This act of flying up and then landing down again is actually considered moving, as the object physically changes location as it moves through the air. You may have decided to “eat out” or “cook” for dinner tonight, but you did not beat Riddle Robot Eyezak yet with this answer, because it does not meet all the criteria of our riddle. We have more more shot at getting it right.
Stairs are those constructs you find in houses and buildings that allow you to walk forward, while rising slowly. Each set of stairs is made of sequentially higher miniature platforms, barely large enough for one foot to land on it, called “steps”. These steps, when strung together in order, allow for a low slope rise from one floor to another floor in a building. It is a well known fact though, that most Humans hate stairs, with a passion, and opt to use alternatives like elevators instead.
When you look at the stairs from either floor, the stairs are always stationary, and they typically contain no moving parts. If you decide to “take the stairs,” while in fact you as a Human do move, the stairs are always still, and unmoving. You are actually moving of your own volition and power. Therefore the stairs themselves are not moving at all. This looks like it is a promising answer to conclude our riddle.
To recap, the stairs to connect two floors in a building in a mostly vertical fashion. Thus we can conclude that they “go up and down.” They also do not physically move themselves, and any entity, be it you or your dog, that uses the stairs are moving under their own power, without any motion-aide from the stairs at all. Therefore, it is safe to conclude that some Stairs actually meet both answer conditions for our riddle. I bet Eyezak our Riddle Robot is going to be mad at us for figuring it out.
Stairs can be called many things including “stairs,” “staircase,” “stair well,” “stairway,” “flight of stairs,” and many, many other names. Their basic function is to make a vertical distance much easier to travel, by simply breaking it into smaller distances that are easy to take with a single footstep, called “steps.” You can find them inside and outside, usually allowing the user to more easily climb between two different elevations.
For safety reasons, many stairs have extra components that prevent the users from hurting themselves, which usually take the form of a guard rail, handrail or decorative banister. These safety mechanisms can be made of functional materials, with very little regard for design, or they can be made of extremely fancy materials and serve no real functional purpose other than aesthetics. Either way, they make a nice addition to the staircase.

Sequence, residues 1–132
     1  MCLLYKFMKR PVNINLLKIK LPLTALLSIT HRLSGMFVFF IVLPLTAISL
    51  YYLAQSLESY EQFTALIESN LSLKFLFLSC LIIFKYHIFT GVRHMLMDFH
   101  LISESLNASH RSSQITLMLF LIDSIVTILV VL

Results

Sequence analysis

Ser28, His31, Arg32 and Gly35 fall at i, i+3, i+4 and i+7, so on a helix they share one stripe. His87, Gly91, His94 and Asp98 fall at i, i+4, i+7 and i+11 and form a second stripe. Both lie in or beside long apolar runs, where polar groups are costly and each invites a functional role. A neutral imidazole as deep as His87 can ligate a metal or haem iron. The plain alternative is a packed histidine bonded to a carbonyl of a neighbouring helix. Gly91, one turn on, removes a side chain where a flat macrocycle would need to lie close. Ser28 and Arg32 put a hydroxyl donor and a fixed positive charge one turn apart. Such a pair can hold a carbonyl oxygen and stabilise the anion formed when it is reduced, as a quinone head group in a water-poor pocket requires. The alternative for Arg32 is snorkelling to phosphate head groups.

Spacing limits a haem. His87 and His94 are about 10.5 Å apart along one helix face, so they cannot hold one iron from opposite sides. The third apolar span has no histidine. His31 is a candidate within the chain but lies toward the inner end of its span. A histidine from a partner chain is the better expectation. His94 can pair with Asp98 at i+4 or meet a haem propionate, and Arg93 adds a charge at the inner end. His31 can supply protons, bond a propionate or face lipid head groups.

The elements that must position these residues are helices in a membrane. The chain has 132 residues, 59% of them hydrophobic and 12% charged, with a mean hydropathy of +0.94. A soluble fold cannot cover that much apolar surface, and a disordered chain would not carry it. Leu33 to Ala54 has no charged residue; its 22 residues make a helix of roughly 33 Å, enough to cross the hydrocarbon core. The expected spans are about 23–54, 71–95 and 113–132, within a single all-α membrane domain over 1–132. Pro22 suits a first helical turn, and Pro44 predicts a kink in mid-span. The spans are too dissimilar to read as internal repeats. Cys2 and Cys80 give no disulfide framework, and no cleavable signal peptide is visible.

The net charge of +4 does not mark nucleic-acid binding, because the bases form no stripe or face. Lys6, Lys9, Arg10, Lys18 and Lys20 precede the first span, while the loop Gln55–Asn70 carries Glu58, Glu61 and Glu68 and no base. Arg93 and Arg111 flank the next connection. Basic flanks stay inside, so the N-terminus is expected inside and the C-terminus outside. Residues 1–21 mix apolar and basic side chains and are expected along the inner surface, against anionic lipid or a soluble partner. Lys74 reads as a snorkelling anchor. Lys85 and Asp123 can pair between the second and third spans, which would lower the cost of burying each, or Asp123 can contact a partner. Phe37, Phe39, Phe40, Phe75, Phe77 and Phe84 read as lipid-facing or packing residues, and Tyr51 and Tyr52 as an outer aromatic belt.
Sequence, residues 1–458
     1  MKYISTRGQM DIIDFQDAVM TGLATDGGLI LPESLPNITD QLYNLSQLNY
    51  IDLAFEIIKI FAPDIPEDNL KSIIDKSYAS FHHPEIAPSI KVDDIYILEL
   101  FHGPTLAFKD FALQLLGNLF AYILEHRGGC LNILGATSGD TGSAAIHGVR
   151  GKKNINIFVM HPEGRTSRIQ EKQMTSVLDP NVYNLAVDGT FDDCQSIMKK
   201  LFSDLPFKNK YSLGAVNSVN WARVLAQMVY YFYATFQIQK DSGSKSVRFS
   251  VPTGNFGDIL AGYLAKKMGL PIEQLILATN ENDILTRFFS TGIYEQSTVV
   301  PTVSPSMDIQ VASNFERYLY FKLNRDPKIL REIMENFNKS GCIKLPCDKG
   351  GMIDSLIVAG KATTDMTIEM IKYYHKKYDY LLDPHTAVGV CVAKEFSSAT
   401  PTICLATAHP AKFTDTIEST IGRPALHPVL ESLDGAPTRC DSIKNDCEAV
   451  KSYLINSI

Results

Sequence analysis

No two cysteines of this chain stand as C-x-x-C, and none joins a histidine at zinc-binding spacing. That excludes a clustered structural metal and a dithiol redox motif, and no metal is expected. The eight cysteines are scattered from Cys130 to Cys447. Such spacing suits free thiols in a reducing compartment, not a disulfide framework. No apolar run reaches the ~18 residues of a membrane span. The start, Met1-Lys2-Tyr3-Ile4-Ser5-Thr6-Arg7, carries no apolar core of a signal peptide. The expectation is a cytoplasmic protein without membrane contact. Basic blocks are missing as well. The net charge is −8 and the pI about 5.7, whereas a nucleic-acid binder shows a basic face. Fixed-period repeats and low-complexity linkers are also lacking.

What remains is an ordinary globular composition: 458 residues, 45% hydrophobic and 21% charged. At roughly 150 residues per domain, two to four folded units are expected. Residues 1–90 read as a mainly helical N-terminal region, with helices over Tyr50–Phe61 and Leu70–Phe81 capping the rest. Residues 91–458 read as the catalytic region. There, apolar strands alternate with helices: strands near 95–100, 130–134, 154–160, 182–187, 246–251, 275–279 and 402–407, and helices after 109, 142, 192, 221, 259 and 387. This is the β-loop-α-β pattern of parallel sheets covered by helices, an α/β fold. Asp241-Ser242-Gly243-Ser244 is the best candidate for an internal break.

They can come in many forms from a simplistic straight shot two landing stairway, simply connecting two elevations with a single stretch of stairs. You will also find “switchback” style stair wells, which combine winders and landings to make consecutive short groupings of steps that allow the user to move in alternating directions while they rise to the top. Then there are spiral case that make the user constant walk in a circle to get to the top.
Stairs have been a commonplace mechanism for changing elevations for a long, long time. There are records that show stairs that predate early civilization as far back as Ancient Egypt. Humans have been making and using stairs since basically the beginning of time and recorded history. They have become such an integrated part of Human existence that you would be hard pressed to find a culture that did not use them. Their origins have nothing to do with this riddle, despite the fact they are the answer.
Hopefully you enjoy learning these new things. The Riddle Robot Eyezak, Puzzle Master, does not really care if you know these things. But the more you learn today, the easier it will be to solve future riddles from him tomorrow!
One Last Thing: